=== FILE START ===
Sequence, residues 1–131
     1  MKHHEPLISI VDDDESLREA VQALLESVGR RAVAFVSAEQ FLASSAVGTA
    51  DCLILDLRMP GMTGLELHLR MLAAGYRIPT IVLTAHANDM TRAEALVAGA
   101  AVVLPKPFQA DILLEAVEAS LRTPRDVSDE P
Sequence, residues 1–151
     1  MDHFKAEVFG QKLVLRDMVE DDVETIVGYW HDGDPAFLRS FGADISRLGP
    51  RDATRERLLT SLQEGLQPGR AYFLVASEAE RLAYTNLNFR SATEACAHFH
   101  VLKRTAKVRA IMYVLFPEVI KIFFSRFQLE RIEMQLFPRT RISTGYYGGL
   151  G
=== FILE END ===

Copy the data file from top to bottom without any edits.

Sequence, residues 1–131
     1  MKHHEPLISI VDDDESLREA VQALLESVGR RAVAFVSAEQ FLASSAVGTA
    51  DCLILDLRMP GMTGLELHLR MLAAGYRIPT IVLTAHANDM TRAEALVAGA
   101  AVVLPKPFQA DILLEAVEAS LRTPRDVSDE P
Sequence, residues 1–151
     1  MDHFKAEVFG QKLVLRDMVE DDVETIVGYW HDGDPAFLRS FGADISRLGP
    51  RDATRERLLT SLQEGLQPGR AYFLVASEAE RLAYTNLNFR SATEACAHFH
   101  VLKRTAKVRA IMYVLFPEVI KIFFSRFQLE RIEMQLFPRT RISTGYYGGL
   151  G